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BMC Genomics. 2013 Jul 8;14:456. doi: 10.1186/1471-2164-14-456.

Impact of heat shock transcription factor 1 on global gene expression profiles in cells which induce either cytoprotective or pro-apoptotic response following hyperthermia.

Author information

1
Maria Skłodowska-Curie Memorial Cancer Center and Institute of Oncology, Gliwice Branch, Gliwice, Poland.

Abstract

BACKGROUND:

Elevated temperatures induce activation of the heat shock transcription factor 1 (HSF1) which in somatic cells leads to heat shock proteins synthesis and cytoprotection. However, in the male germ cells (spermatocytes) caspase-3 dependent apoptosis is induced upon HSF1 activation and spermatogenic cells are actively eliminated.

RESULTS:

To elucidate a mechanism of such diverse HSF1 activity we carried out genome-wide transcriptional analysis in control and heat-shocked cells, either spermatocytes or hepatocytes. Additionally, to identify direct molecular targets of active HSF1 we used chromatin immunoprecipitation assay (ChIP) combined with promoter microarrays (ChIP on chip). Genes that are differently regulated after HSF1 binding during hyperthermia in both types of cells have been identified. Despite HSF1 binding to promoter sequences in both types of cells, strong up-regulation of Hsps and other genes typically activated by the heat shock was observed only in hepatocytes. In spermatocytes HSF1 binding correlates with transcriptional repression on a large scale. HSF1-bound and negatively regulated genes encode mainly for proteins required for cell division, involved in RNA processing and piRNA biogenesis.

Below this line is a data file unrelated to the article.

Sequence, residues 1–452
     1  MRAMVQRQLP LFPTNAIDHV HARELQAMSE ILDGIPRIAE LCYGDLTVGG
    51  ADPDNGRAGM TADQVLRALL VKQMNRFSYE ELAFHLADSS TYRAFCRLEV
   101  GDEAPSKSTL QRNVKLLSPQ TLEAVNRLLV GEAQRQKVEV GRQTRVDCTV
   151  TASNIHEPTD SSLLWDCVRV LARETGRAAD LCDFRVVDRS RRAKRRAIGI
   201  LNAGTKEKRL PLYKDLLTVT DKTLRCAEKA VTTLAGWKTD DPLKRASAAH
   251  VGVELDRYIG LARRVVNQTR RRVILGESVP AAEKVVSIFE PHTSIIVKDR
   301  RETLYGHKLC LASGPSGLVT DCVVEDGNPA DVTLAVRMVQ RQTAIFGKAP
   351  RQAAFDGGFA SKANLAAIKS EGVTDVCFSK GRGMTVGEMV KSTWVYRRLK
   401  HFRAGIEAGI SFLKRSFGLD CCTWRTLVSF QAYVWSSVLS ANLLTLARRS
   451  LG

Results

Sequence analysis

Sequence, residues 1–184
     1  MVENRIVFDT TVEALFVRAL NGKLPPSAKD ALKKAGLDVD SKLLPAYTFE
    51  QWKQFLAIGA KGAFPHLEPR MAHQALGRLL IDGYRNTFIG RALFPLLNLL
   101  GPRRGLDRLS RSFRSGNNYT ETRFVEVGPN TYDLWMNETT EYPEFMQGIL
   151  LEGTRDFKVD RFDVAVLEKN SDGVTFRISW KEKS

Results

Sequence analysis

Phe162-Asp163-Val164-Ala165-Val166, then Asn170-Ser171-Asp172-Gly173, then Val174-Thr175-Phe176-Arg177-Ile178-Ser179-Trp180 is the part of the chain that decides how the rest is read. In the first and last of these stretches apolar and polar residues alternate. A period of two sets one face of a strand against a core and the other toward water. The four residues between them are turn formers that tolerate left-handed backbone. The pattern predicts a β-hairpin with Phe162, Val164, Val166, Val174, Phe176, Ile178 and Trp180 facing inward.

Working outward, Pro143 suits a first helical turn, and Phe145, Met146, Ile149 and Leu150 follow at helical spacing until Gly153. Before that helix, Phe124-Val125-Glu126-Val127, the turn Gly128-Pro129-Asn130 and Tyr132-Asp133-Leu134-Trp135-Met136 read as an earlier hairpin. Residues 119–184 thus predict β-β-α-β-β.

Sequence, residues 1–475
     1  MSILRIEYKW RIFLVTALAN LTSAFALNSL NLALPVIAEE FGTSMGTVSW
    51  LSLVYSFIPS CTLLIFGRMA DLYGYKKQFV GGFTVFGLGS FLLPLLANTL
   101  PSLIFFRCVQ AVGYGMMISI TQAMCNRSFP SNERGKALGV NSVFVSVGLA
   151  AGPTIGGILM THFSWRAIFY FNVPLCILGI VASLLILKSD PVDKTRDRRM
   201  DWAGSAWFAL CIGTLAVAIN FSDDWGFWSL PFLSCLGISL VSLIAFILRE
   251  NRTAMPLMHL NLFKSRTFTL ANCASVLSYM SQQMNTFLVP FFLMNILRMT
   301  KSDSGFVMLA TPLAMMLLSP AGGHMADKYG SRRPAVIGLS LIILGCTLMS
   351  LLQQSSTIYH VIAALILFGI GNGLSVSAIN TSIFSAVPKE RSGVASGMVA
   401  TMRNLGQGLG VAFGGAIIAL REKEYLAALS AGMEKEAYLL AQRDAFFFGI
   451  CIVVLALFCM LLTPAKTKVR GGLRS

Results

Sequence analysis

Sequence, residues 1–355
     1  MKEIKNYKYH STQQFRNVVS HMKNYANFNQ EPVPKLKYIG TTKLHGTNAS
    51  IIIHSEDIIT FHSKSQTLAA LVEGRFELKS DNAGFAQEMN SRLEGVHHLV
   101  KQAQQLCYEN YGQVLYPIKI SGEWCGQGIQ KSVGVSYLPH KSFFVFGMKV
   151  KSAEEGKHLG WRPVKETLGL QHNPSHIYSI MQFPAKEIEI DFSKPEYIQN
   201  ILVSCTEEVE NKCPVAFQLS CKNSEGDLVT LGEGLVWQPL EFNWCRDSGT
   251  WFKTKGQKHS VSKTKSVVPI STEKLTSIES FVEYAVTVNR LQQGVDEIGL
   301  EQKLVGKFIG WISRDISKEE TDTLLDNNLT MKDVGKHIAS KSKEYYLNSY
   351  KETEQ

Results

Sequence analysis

CONCLUSIONS:

Observed suppression of the transcription could lead to genomic instability caused by meiotic recombination disturbances, which in turn might induce apoptosis of spermatogenic cells. We propose that HSF1-dependent induction of cell death is caused by the simultaneous repression of many genes required for spermatogenesis, which guarantees the elimination of cells damaged during heat shock. Such activity of HSF1 prevents transmission of damaged genetic material to the next generation.

PMID:
23834426
PMCID:
PMC3711851
DOI:
10.1186/1471-2164-14-456
[Indexed for MEDLINE]
Free PMC Article

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